]. In their retrospective study, sonography positively identified the septum in 26 of 27 wrists with a surgically proven septum (sensitivity, 96%) and negatively identified the septum in five of five wrists without the septum. They failed to identify a septum in one wrist, in which the septum was thin and incomplete. In contrast, we did not encounter a septum that was too thin or incomplete to be detected by sonography, which we attribute to the use of a more accurate transducer. Furthermore, caution should be exercised when interpreting hypoechoic lesions between the tendons in the radial styloid area. One wrist was deemed to have a septum by sonography, but no septum was found during surgery. On reviewing the sonographic images in this case, we observed small, dotlike structures in the hypoechoic area, which are believed to have represented tendon fibers. Furthermore, the hypoechoic area was contained in tendons (Fig. ). We speculate the observed hypoechoic area represented a degenerated area in the tendon. Additional longitudinal scan or provocative maneuvers to assess tendon gliding along a fixed septation or to assess lateral displacement of the tendons by the pressure of the transducer over the first dorsal compartment may have more accurately localized this lesion in a specific tendon, being able to distinguish it from a septum. In addition, a hypoechoic area between the tendons does not necessarily indicate the presence of a septum because it could be a space between the tendons if the transducer is placed distal to the first extensor compartment. Thus, to ensure sonographic examinations are performed on the first extensor compartment, it is important to note the hyperechogenicity of the bone of the distal radius just below the tendons.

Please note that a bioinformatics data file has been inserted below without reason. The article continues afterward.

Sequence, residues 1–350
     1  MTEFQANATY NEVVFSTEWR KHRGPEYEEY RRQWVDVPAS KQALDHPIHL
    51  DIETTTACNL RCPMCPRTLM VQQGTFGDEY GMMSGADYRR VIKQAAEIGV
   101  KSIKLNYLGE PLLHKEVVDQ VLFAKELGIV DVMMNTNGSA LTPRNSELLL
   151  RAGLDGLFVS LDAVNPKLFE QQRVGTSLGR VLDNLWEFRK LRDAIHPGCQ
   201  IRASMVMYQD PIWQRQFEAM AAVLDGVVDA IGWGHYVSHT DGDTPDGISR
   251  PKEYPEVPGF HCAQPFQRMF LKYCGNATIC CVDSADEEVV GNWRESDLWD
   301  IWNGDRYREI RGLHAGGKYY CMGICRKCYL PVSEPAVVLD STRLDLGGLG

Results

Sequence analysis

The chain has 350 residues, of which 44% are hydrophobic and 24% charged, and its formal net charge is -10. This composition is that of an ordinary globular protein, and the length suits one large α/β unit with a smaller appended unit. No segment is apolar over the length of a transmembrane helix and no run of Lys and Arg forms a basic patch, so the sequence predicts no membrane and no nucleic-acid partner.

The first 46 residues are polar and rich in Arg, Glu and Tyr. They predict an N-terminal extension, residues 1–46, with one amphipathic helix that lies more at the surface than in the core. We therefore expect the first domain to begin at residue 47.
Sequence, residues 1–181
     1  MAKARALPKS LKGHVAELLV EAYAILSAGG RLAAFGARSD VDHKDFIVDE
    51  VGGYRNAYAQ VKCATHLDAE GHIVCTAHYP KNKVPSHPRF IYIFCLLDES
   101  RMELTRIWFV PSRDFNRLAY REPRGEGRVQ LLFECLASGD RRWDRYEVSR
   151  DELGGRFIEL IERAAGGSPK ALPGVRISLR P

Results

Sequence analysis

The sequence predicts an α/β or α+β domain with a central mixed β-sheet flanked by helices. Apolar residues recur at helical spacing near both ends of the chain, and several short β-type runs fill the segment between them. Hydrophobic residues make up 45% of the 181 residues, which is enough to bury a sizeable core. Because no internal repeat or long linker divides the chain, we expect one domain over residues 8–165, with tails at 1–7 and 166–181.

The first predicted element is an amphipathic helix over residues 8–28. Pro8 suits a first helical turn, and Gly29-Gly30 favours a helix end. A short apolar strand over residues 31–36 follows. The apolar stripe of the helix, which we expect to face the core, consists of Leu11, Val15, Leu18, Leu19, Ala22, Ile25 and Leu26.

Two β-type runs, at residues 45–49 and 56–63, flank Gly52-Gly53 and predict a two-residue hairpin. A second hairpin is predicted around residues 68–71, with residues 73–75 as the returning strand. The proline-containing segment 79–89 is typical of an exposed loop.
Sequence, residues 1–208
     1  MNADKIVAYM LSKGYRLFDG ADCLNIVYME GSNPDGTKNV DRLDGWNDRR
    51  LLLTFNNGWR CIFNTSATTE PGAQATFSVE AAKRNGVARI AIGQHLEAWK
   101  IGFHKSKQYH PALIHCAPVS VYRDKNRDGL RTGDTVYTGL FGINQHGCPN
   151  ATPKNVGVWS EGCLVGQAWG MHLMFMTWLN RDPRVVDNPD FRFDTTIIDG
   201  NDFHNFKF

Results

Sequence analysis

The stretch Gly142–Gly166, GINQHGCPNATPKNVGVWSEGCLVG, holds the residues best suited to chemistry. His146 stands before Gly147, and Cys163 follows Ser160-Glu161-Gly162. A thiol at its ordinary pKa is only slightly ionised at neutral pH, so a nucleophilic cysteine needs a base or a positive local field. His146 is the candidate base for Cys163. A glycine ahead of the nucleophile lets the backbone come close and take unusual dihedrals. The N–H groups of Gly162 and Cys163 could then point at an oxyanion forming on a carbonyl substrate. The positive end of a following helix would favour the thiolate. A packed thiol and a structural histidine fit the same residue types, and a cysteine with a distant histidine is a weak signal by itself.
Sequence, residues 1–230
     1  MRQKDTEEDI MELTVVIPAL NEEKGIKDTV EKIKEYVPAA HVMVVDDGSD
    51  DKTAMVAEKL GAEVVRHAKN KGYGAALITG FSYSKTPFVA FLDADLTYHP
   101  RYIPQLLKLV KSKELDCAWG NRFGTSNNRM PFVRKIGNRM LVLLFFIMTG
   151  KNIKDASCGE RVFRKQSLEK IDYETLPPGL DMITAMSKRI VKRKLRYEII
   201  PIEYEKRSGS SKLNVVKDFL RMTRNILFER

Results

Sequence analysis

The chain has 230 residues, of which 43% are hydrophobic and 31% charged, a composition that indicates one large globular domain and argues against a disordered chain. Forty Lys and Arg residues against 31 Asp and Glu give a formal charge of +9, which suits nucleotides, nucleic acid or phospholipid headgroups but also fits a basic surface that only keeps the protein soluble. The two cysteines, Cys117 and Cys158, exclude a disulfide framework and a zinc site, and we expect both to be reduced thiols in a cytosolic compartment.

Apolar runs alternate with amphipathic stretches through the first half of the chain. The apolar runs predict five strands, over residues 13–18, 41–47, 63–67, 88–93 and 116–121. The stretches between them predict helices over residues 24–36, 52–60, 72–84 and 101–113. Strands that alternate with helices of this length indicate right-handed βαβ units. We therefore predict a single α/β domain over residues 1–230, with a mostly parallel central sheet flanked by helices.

Our study also showed a septum-like structure between the tendons in the first extensor compartment could be observed in the asymptomatic wrists by sonographic examination. We observed this structure in 71% of asymptomatic contralateral wrists of the patients with the septum and in 15% of those without the septum. The bilaterality of the septum based on sonographic examination was similar to results in a previous anatomic study using cadavers [6
], which suggested sonography may detect the septum in the asymptomatic individuals. However, the accuracy of sonographic examination in this population has not been determined because no gold standard measure such as surgery could be used for comparison.
The presence of an intracompartmental septum generally is believed to be associated with the development of de Quervain’s disease. Investigations of cadaveric wrists have revealed the presence of an intracompartmental septum in the first extensor compartment in 47% (range, 20%–78%) of wrists on average, and this prevalence is greater (average, 59%; range, 44%–91%) in the wrists of patients with de Quervain’s disease [3